What is the most appropriate age gap between a man and his vacuum cleaner? I am aged 45 and my vacuum cleaner is 19, but everyone is saying that I should be using a much older one. It is unbecoming, they all say, in these deficit reduction days to own such an obscenely recent appliance. Cubanization is the modern way. Buy new parts, replace every component in the machine, but never, never, never buy a new one.
Divide your age by two and add seven, my brother said. You should be looking for a vacuum cleaner which is at least 29 years old.
But what models of that vintage still function?
The man at the deficit reduction advice centre laughed at me. ‘I know of one that’s 108 years old and still sucking hard,’ he said, and gave me the address of a vintage vaccum dealer who operated from under an arch in Salford.
The dealer had a long ginger beard that a small owl could live in and garish sleeve tattoos and he began the consultation by measuring the length of my arms to work out my reach and then tested the strength of my grip on a special simulation machine.
He put the results into a handheld computer while asking me questions about the type of detritus the machine would be required to ingest. Did I own a foot spa? Did I cough a lot? Did I consider myself a fast vacuumer or a slow one? Did I take breaks as I vacuumed, or did I do it all at once?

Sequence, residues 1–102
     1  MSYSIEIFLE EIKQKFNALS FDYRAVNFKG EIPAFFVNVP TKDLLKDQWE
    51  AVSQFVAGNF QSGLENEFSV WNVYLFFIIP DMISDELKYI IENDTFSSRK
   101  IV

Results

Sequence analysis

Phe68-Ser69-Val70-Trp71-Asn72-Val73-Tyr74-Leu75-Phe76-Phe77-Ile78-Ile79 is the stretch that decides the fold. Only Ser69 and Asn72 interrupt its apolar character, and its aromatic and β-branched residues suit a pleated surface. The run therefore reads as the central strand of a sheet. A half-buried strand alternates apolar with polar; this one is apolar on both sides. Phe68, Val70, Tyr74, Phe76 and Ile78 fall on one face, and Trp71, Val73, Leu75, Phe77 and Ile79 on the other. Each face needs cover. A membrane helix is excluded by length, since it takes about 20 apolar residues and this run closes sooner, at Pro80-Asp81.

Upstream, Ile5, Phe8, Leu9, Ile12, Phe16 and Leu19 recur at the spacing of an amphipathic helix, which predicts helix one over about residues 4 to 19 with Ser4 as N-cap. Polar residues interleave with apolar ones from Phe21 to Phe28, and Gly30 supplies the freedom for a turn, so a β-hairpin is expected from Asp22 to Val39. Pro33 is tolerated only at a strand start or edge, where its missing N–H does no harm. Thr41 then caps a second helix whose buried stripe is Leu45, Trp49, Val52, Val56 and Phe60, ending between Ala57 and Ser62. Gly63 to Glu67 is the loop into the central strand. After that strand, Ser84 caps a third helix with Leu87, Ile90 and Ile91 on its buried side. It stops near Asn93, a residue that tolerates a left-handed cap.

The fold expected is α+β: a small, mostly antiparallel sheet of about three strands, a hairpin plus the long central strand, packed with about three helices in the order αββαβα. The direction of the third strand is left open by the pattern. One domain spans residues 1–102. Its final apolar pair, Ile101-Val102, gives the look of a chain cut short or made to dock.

Did I, and he looked at me meaningfully when he asked me this, ever wear headphones on the job?
‘Yes,’ I said.
He wrote something down. ‘Means you won’t hear any large objects rattling up the tube. I need to know that sort of thing. It’s up to you, of course, how you choose to hoover your house.’
He looked at the screen on the small computer.
‘I have just the thing,’ he said, and disappeared round the back.
He returned with an Electrolux 612 which was 27 years old. Not quite the age I was after, but close enough, he thought, and he helped me strap it to the back of my bicycle.
The younger machine was taken on by my brother, who, at 32, was a much more sensible age to relate to it.
I sat for a time gazing at my new Electrolux. I thought about how many different motors and filters it had been through over the years, and how it was probably a completely different machine now to when it was born in 1986.
It glided over surfaces effortlessly, softly murmuring as it went, every hair, skin flake, and food fragment disappearing up its tubes as if it was slurping delicious soup.
I never felt the need for headphones. I was part of the machine, and when my brother brought the younger one round for a Hoovering competition, I felt only compassion for him as his juvenile contraption struggled with some of the older types of dirt. Hoovering is about removing the past, and that’s what the younger people don’t understand.